My Rans S-6ES Coyote II

Most of you who know me know I used to own an aircraft called an RV-4. I built the aircraft in my garage. It was a very rewarding experience and the airplane flew like a dream. However, that particular airplane did have some limitations. It was cramped, the passenger had to sit in the back, and there was not much room for luggage. I also couldn’t take anyone who weighed over 180 lbs for a ride due to center of gravity limitations.

So I sold the RV-4 and used the proceeds to purchase a new kit.  Many people think I’m rich to be able to build and fly airplanes. Nothing could be further from the truth. In fact, I can build this airplane for what many people pay for their pickup trucks.

This airplane is called the Rans S-6ES Coyote II and is available in kit form from RANS Aircraft. There are two versions available the S-6S and S-6ES. There were more marked differences in the aircraft in the past but now the main difference is in the covering process for the airplane. The 6S uses traditional dope and fabric covering, and the 6ES uses slip on pre-colored Dacron skins. I have decided to go with the 6ES for a couple of reasons. First, the build time is significantly lower. Second, though it’s not as easy to patch in the field it is much easier to replace than the dope and fabric covering and possibly a little more rugged.

Performance numbers are:

Engine type Rotax 912ULS
Output 100 HP
Oil Capacity 3.0 qts
Coolant Capacity 4.4 qts
Propeller Diameter 70 inches
Propeller Type Warp Drive – Composite      3 Blade
Gear Reduction 1:2.27 / 1:2.43
Fuel G.P.H. 4.5 gal @ 80%
Take Off Roll 300 ft
Rate of Climb 1000 fpm
Service Ceiling 17,500 ft
Cruise 10 mph
VNE 130 mph
Stall Clean 47 mph IAS
Stall Flaps 41 mph IAS
Roll Rate 80° /sec
Glide Ratio 9:1
Landing Roll 260 ft
Endurance 3 hrs.
Range 345 miles

Click here for some really cool Coyote Videos

When I was planning out the RV-7 I was going to make that a state of the art airplane. The Coyote is an economical airplane with near-STOL capabilities. The plane is be equipped for Day/Night VFR flying only. I tried to keep the plane as light as possible. With this in mind, here is how I equipped it…


Rotax 912ULS which is a 100 HP engine.   This engine has been adapted to many different aircraft and has the ability to run on either automobile gas or 100 LL aviation fuel.


I went with what Rans calls their super six panel.  It looks like a regular aircraft instrument panel.    The standard panel is very small and most pilots would want a larger panel because it hold more instruments and it’s more familiar to them.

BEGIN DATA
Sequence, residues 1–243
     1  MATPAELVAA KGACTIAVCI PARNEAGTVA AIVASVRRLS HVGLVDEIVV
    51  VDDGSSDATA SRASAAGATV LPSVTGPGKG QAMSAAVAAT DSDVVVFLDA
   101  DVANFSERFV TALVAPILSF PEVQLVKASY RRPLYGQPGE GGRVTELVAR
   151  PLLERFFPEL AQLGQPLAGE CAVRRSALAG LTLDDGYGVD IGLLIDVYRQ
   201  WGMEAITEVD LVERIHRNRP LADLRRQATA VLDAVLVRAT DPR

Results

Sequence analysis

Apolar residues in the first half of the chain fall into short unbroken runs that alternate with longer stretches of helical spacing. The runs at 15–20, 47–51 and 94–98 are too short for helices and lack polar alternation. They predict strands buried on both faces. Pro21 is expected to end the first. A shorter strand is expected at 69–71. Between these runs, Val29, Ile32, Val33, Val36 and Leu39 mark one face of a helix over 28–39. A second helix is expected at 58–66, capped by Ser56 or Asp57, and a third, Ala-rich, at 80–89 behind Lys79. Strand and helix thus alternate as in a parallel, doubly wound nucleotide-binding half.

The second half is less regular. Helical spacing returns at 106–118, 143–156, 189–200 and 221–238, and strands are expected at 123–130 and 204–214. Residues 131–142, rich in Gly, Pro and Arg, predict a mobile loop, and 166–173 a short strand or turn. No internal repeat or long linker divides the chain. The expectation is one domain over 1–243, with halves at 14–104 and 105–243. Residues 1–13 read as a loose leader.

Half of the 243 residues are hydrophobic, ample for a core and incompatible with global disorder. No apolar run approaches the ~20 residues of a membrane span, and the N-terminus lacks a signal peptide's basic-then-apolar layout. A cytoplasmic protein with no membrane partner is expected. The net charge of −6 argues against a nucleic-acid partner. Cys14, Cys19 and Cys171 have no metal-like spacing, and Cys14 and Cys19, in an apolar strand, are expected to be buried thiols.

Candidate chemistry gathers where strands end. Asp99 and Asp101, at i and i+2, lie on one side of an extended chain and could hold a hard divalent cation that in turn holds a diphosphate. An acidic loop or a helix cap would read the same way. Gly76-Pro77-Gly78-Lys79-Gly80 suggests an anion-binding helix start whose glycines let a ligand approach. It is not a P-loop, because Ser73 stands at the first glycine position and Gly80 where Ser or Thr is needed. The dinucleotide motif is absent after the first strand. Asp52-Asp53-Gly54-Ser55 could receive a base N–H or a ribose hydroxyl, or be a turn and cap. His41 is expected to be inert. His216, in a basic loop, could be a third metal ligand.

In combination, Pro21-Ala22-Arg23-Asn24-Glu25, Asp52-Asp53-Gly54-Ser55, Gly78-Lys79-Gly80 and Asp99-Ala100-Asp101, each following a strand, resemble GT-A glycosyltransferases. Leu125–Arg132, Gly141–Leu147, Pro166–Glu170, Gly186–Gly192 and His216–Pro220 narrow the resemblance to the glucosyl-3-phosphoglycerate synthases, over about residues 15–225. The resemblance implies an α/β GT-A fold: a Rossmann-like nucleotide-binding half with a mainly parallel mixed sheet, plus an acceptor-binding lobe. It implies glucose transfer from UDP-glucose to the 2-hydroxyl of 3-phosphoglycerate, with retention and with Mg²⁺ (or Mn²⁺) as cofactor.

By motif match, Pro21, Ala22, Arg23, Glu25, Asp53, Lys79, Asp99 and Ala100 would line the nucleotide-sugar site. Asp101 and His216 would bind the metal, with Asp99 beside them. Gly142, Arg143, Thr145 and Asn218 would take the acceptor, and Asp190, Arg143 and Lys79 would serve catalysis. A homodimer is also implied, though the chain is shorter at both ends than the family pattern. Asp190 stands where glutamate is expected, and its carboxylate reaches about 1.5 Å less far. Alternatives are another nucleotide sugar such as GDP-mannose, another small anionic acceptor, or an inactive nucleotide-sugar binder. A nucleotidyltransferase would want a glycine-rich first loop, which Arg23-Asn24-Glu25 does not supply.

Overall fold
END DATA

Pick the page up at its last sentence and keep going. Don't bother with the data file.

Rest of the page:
Flight Instruments

Nothing fancy here. I installed standard instruments which were included with the kit. Standard instruments are:

    • Airspeed indicator
    • Tachometer
    • Cylinder head temperature
    • Oil temperature
    • Oil pressure
    • Hour meter


I again with with basic avionics for simplicity and low cost:

    • ICom A-210 Transceiver
    • Bendix-King AT-76A Transponder
    • Garmin 396 with XM Weather
    • iPad2 for moving map and charts

Covering Method

This airplane is tube and fabric construction and there are two ways to cover it with fabric.

The first method is with traditional aircraft covering which is a multi-step process. First you have to glue the fabric to the structure, then you use an iron to shrink the fabric. Once it’s tight you spray a coat of silver on to protect the fabric, then you paint it. There are a few other steps but you get the point.

The second method available from the manufacturor is to use pre-colored dacron skins that you slip on, and then fasten to the airframe. Then you only need to spray on a protective finish. This is the method I selected for two reasons; one is that it will save a lot of time, the other is that I don’t have access to a paint shop.

The only drawback to this second method is that the fabric is a little more see-thru thus making the airplane look a little more ultra-litey.  However, it’s light and has the performance I’m looking for so I don’t mind the see thru skins.

Landing Gear

Tailwheel configuration of course. 🙂

Future upgrades

Having flown the plane for a year now I find there are a couple of things I would like to add:

    • Bigger tires
      I really like landing off-airport and although the current tires are okay, I’d like something a little bigger to get me over the gopher holes.
    • Vortex generators
      Current stall speeds and landing speeds are just fine but I think they could be better.  I’m going to add VG’s to slow down even more.


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